Cattleman to cattlemen
LYTTON – Brazil’s beef industry is expanding fast, and when the country’s leading producers wanted to learn more about year-round cattle production, they came to Iowa.
“Our goal is to visit cattle producers with mud,” said Dr. Marcello Manella, a veterinarian and animal nutrition specialist who traveled with the five-member group to Iowa in late April. “We want to know how other cattle producers deal with their environment, including snow and heat.”
In addition to touring Iowa State University’s beef nutrition research farm, Couser Cattle Co., near Nevada, Summit Farms, near Alden and other Iowa beef farms, the group stopped at Jerry Corey’s feedlot south of Lytton on April 24 to view his monoslope barn and hoop building.
“Cattle do best outside when you have ideal conditions,” said Corey, “but we don’t always have ideal conditions in Iowa.”
The 78-year-old, long-time Calhoun County cattle feeder said, “When you get a spring like this, a building is worth a lot of money to you.”
Keeping cattle cool
Built in 2011, Corey’s 400-by-64-foot monoslope barn includesa concrete flooring and two large pens that can hold 280 to 290 cattle per pen. “I like to allow 45 to 50 square feet per animal,” said Corey, who added that the cost of his monoslope runs about $650 per head.
Baled corn stalks provide bedding in the monoslope, and Corey said he adds two bales a day to the bedding pack.
In addition to weekly cleaning along the perimeter and bunks, Corey removes the bedding pack in the spring and the fall for spreading on his fields.
The monoslope is located north of Corey’s 400-by-64-foot hoop barn that he built five years ago. Corey tends to favor the monoslope, because he doesn’t have to worry about a fabric cover.
The monoslope has proven to be most beneficial in the summer, added Corey, whose feedlot can hold up to 2,000 cattle at a time.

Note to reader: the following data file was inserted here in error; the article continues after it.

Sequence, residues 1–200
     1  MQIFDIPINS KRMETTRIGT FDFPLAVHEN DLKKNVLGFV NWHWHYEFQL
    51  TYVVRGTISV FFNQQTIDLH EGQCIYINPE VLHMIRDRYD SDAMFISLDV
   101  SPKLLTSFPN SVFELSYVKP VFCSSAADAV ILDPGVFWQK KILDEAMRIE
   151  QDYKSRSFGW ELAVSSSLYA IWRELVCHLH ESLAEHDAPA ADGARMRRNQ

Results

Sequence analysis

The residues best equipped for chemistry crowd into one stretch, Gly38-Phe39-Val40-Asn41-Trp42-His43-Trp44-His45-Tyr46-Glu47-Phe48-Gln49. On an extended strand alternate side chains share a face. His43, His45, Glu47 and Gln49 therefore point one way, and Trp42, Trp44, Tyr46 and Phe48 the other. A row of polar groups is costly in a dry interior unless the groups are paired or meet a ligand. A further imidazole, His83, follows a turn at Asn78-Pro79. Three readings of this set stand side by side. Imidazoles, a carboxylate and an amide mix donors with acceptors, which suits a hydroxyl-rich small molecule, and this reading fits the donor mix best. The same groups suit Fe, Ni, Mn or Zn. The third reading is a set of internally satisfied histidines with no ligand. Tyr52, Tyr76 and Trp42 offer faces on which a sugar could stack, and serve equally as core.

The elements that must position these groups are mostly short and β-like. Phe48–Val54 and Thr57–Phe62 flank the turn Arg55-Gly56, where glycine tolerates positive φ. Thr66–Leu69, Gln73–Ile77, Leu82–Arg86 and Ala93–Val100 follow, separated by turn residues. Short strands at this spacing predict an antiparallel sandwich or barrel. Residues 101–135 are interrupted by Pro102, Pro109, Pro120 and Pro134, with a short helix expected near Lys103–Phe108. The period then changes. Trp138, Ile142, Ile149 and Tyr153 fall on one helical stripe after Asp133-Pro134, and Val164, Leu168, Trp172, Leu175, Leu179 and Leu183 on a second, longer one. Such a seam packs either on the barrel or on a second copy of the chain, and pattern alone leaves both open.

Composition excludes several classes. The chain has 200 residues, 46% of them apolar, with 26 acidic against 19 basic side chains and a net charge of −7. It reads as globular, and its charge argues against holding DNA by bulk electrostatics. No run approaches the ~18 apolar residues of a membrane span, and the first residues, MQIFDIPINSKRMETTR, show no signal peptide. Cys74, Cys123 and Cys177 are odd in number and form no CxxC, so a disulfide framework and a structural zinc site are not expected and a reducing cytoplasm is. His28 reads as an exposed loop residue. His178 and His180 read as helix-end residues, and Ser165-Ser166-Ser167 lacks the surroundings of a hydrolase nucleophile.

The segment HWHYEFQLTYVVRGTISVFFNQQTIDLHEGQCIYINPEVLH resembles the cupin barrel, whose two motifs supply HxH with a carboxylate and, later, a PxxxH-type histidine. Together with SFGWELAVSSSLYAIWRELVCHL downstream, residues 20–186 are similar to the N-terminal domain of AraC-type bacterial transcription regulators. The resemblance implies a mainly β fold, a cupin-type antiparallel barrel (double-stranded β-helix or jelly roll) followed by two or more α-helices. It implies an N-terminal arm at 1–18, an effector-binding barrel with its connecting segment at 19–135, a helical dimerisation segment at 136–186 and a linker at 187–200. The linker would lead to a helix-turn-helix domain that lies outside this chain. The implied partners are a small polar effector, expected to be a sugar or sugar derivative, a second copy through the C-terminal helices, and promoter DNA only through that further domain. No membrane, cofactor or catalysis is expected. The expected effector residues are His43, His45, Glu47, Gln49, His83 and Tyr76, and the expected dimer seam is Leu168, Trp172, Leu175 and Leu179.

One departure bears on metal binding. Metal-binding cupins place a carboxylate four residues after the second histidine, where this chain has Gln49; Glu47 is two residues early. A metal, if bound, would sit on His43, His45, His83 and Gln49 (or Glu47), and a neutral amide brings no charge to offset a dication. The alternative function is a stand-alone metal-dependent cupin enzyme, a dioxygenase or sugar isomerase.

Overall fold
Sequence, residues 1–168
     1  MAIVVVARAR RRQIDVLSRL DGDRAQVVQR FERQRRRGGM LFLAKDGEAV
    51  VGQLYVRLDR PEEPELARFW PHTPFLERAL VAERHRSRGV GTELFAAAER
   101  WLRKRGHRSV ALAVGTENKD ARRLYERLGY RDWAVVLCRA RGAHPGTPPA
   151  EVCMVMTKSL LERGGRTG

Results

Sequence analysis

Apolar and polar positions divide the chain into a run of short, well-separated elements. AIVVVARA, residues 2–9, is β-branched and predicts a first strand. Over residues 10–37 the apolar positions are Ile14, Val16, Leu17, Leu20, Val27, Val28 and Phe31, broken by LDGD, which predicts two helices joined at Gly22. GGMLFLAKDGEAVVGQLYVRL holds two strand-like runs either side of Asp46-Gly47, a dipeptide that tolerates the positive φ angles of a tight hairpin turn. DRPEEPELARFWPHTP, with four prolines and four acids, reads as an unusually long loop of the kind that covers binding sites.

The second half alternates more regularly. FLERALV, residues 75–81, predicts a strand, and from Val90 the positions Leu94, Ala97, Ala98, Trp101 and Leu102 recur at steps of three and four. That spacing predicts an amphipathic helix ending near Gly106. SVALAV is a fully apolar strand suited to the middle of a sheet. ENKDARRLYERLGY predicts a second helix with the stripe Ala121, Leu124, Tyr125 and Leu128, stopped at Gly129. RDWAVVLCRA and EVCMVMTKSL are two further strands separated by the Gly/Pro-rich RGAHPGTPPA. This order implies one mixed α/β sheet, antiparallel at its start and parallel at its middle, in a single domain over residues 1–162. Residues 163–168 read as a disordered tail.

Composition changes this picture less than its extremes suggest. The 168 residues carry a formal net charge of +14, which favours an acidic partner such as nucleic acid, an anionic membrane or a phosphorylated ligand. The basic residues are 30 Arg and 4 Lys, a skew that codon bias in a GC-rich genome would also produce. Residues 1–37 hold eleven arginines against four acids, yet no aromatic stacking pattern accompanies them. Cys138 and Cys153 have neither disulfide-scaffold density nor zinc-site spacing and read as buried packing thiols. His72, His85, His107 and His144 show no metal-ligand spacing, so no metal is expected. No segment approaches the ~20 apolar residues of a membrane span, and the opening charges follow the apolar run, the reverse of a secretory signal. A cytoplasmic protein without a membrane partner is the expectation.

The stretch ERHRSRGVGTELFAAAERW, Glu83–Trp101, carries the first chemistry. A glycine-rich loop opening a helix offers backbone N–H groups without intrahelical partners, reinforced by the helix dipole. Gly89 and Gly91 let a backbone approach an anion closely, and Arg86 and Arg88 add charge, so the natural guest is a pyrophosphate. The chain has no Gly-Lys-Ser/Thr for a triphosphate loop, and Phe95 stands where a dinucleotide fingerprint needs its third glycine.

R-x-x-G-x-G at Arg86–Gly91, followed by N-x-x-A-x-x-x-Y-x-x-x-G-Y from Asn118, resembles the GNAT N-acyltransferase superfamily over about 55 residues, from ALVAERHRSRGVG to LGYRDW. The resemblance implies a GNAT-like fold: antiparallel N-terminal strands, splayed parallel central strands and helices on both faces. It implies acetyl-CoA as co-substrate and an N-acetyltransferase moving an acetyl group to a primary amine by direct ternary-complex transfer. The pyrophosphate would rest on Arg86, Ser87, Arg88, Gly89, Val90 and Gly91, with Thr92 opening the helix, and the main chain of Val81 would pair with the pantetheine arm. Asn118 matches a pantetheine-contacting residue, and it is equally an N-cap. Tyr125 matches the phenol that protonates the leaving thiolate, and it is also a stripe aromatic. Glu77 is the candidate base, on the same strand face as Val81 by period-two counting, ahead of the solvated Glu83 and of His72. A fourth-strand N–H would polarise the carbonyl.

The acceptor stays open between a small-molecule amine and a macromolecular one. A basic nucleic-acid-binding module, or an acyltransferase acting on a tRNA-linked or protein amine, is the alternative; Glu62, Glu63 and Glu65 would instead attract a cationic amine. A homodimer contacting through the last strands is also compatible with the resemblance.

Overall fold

“It’s cooler in the summer, and the cattle don’t suffer in the heat of the day. The main disadvantage comes on those days when it’s hot and humid in the evening, with no breeze.
It takes the cattle in the monoslope longer to cool down than the cattle outside,” said Corey, who uses large squirrel-cage fans in the barn to circulate the air and improve cattle comfort.
All this was interesting to the five Brazilian visitors who participated in the Iowa Beef Center’s three-day tour through central and western Iowa.
While most of the cattle in Brazil are grass-fed, the industry is changing. “The average Brazilian cattle producer still raises 1,000 to 2,000 head of cattle per year, but the trend is moving towards large feedlots in Brazil,” said Manella, who noted that some members of his group are in the top 10 percent of Brazil’s cattle industry, producing more than 100,000 beef cattle a year.
Brazil has a wet season and dry season, and traditionally cattle have been raised on pasture in the dry season, which runs from May to September.
“As beef prices get higher, producers are trying to produce more cattle year-round,” said Manella, whose group raises cattle in the state of Sao Paulo, in southern Brazil, and the state of Goias, in the central region of Brazil. “We don’t have enough pasture, and 60 percent of Brazil’s land is untouchable because it’s forest, so feedlots are becoming more important.”
The Brazilians said they wanted to find out how the monoslope’s bedding pack influences cattle health in terms of hoof and leg issues.
They also wanted to learn about the rations that the Coreys feed their cattle, Manella said. “We feed a lot of byproducts in Brazil, including soy hulls and corn gluten feed; citrus pulp, which provides a good energy source; and sugarcane byproducts from ethanol production, which provide a fiber source.”
Corey and his neighbors, many of whom are also cattle feeders, appreciated the opportunity to visit with the Brazilians. “We’ve been feeding cattle here since 1959, and cattle farming is our life,” Corey said. “It has been good to us.”
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